1-Instruct the inter-customs fees: to reduce the Customs on Arab products by 10% annually, the 14 Arab states reported their custom tariff programs to the Security Council of the Arab League to coordinate them with each others, except for Syria that is still using the Brussels tariffs system.
2-Applying the locality of the Arab products: All members have shared their standards and specifications to help their products move smoothly from one country to another. The League also created a project to apply the Arab Agriculture Pact: which is to share the standards of the agricultural sector and inject several more restrictions and specifications where all members have involved in them. Six members were granted exceptions for several of their goods, Morocco, Lebanon and Jordan proposed for several more exceptions, but were disapproved by the Arab League. the exceptions would benefit a 10% stable customs for exporting goods.
4-Private sectors: The League created a database and a service to inform and promote for the private's sectors benefits, and how there work would be in the GAFTA treaty is needed.
5-Communication: The Arab Economic and Social Council in its 65th meeting agreed on pointing a base for communication to ease communication between member states, and also to work to ease communication between the Private and public sectors to apply the Greater Arab Free Trade Area between members.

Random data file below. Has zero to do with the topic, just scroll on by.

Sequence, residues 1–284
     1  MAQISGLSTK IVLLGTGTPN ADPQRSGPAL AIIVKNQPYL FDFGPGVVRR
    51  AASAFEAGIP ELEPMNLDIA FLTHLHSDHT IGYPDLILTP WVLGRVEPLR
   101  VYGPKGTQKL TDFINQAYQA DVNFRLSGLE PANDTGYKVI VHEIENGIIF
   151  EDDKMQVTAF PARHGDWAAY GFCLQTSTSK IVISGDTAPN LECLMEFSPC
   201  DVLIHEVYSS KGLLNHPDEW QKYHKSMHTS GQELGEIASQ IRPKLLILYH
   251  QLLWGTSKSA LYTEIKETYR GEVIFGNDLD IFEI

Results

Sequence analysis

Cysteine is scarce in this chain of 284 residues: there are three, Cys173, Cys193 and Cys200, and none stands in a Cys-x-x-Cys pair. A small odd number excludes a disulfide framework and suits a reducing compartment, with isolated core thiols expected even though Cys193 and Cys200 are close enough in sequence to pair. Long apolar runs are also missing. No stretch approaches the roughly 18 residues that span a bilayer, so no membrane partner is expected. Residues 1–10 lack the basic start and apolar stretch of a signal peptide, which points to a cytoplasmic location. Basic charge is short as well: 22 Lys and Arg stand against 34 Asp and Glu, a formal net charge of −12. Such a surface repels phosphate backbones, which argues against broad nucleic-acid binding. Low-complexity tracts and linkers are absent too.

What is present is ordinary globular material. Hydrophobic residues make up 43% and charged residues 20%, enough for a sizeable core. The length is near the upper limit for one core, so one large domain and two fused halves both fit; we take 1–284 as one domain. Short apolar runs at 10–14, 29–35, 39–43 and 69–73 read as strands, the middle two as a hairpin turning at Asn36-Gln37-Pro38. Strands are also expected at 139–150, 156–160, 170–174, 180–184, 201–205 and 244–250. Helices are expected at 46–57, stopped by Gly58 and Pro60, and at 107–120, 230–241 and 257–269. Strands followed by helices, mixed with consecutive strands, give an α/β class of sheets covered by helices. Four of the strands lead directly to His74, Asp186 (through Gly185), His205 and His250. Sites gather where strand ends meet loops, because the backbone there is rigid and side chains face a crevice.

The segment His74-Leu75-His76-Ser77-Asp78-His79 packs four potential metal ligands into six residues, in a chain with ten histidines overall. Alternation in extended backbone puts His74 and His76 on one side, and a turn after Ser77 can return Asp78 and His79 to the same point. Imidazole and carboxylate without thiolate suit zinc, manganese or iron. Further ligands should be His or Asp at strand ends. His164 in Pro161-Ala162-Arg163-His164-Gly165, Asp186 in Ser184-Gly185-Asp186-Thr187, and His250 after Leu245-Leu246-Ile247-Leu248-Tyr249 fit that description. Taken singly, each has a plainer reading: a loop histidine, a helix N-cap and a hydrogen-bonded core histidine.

5-Customs Duties: in the 67th meeting the Arab Economic and Social Council agreed that the 40% decrease on customs on goods in the past 4 years of the GAFTA will continue. and following the decisions of the Amman Summit of the Arab League, the members will put more efforts to eliminate all customs duties on local Arab goods.
Colón Free Trade Zone
From Wikipedia, the free encyclopedia
Jump to: navigation, search
The Colón Free Zone is a gigantic entity at the Atlantic gateway to the Panamá Canal, dedicated to re-export an enormous variety of merchandise to Latin America and the Caribbean is also the largest free zone in the Americas and second largest in the world. It started operations in 1948 and occupies about 600 acres. It is located near the Atlantic Entrance of the Panamá Canal. Divided in two big areas: one located in Colón, segregated from the city itself by a wall; and the other relatively new, in the France Field area, which is designated for warehouses covering 130 acres and at a distance of only 400 yards from the Colón commercial sector.
Origins